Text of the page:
Inheritance tax ‘hotspots’ mostly in London

reading time 2 minutes

England and Wales’ inheritance tax ‘hotspots’ are almost all in London and the south-east of England, according to an article in Which.

A new inheritance tax threshold was introduced in 2017, allowing individuals an extra £100,000 to pass on to their beneficiaries if their estates included the family home. In 2020, the sum rose to £175,000, which meant an individual could bequeath £500,000 in total while married couples and those in civil partnerships were allowed up to £1 million.

In 2017-18, only 3.9 percent of estates paid inheritance tax—the first time that inheritance tax revenues had fallen in eight years.

Impact of average property prices

Changes to the way the tax is applied affect some parts of the two countries more than others, according to the Which article. Average property prices in an area have a big impact, with the figures for 2017-18 showing that 53 percent of inheritance tax came from London and the south east.

The government had introduced the new threshold because of steeply rising property prices. It only applies to direct descendants—children, grandchildren and stepchildren. Before the new residence band was introduced, figures from the Land Registry show than more than one in four properties in England Wales were being sold for more than £325,000.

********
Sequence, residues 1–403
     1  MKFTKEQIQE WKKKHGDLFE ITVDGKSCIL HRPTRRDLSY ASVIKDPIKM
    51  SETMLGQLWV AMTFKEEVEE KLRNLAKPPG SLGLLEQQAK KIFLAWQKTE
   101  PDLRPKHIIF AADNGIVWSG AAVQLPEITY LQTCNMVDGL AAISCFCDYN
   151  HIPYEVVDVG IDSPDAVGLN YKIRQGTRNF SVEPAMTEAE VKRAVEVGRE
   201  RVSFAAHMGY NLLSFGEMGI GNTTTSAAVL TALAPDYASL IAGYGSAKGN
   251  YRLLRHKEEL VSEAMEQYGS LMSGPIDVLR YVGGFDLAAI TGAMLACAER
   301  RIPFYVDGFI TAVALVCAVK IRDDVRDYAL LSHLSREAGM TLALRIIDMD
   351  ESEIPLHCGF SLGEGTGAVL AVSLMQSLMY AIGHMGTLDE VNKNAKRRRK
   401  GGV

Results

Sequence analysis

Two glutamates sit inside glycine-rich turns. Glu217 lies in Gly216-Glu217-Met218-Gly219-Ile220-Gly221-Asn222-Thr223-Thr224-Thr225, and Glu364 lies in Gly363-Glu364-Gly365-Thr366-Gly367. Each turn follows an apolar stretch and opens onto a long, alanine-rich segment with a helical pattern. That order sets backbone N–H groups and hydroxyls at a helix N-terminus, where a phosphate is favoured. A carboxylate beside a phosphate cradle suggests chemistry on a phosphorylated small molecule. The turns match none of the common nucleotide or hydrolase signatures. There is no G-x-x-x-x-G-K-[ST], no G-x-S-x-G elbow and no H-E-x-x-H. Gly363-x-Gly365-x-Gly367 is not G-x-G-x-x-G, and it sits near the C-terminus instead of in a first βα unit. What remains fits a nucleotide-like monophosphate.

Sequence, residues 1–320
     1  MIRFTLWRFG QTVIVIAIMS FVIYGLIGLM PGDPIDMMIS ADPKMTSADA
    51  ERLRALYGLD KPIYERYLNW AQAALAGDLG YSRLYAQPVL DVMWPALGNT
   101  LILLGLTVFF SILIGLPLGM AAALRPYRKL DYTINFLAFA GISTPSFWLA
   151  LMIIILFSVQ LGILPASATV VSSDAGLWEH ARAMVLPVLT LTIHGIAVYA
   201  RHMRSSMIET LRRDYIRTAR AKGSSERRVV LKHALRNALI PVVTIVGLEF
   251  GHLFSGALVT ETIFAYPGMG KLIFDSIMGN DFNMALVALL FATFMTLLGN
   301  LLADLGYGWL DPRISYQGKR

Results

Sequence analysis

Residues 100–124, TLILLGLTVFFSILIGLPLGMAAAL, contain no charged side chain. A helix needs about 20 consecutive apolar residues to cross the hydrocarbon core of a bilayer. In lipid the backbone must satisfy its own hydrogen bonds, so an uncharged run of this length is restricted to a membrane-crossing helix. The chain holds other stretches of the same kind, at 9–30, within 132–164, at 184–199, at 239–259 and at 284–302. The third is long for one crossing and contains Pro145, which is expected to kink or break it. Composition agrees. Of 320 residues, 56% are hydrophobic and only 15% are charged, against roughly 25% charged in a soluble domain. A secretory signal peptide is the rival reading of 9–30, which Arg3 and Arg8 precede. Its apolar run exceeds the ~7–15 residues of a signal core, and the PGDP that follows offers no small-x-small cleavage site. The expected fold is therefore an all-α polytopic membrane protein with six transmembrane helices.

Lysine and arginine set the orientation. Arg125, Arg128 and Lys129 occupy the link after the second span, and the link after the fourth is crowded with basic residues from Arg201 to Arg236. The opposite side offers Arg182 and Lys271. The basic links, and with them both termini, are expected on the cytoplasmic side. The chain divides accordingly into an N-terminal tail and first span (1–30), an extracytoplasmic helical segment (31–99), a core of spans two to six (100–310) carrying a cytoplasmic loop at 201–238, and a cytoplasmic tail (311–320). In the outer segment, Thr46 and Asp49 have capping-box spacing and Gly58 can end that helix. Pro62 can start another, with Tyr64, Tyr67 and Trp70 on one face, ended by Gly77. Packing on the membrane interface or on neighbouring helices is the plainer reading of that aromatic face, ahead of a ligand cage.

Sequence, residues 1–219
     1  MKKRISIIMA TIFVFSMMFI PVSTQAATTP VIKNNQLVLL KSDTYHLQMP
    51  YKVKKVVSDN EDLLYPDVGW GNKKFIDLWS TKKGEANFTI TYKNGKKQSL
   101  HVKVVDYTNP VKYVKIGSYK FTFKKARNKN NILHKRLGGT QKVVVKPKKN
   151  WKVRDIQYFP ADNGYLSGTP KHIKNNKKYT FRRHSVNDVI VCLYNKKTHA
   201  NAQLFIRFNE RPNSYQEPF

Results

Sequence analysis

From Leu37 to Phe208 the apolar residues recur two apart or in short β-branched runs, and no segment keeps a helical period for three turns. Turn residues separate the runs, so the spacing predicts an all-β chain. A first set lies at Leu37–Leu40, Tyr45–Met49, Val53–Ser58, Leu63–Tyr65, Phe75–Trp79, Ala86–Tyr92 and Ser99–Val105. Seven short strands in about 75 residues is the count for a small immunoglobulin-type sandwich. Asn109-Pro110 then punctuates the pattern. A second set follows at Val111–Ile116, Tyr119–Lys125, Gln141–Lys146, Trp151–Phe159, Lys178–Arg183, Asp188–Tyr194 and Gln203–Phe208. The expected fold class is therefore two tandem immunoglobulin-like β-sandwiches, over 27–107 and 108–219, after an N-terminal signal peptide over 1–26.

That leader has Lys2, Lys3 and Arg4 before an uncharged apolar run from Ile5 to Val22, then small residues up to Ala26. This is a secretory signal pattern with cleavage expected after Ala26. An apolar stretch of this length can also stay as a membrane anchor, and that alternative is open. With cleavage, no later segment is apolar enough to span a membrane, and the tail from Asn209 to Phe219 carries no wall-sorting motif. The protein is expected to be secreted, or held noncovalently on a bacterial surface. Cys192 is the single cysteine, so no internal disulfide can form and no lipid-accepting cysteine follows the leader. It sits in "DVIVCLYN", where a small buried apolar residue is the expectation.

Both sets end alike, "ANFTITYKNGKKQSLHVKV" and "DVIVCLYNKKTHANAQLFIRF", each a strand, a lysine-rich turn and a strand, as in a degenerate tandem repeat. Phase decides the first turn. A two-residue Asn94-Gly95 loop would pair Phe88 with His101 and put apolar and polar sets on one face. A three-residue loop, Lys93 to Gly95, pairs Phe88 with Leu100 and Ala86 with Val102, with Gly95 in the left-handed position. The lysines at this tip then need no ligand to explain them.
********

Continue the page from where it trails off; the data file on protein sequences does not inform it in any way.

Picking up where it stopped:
But the introduction of the added allowance in 2017 dropped the number of houses sold above the combined allowance to 17 percent, benefiting more than 20,000 people in the first year and saving a total of £3.1 billion.

Number of homes sold

The Land Registry also shows that the number of homes sold above the combined allowance in 2019 was just 13 percent.

The inheritance tax hotspots are centred around London and the surrounding counties. Nine out of ten of the local authorities with the highest proportion of £500,000 properties are in London. The top authorities are Kensington and Chelsea, where 85 percent of properties sell for above £500k, with 58 percent of them selling for more than £1 million.

Of the top 100 local authorities with the highest percentage of properties selling for more than £500k, only two are in the north (Harrogate and Trafford), revealing a distinct north south divide.

In the next tax year, the residence nil-rate band will increase again but only in line with the consumer price index. Forecasts from HMRC show that the numbers paying inheritance tax is expected to increase gradually because property prices are expected to rise faster than inflation.

Finders International can help manage a property for the estate administrator or client saving considerable time, effort and expense with their Property Sales and Services. To see other services we offer then please visit our website.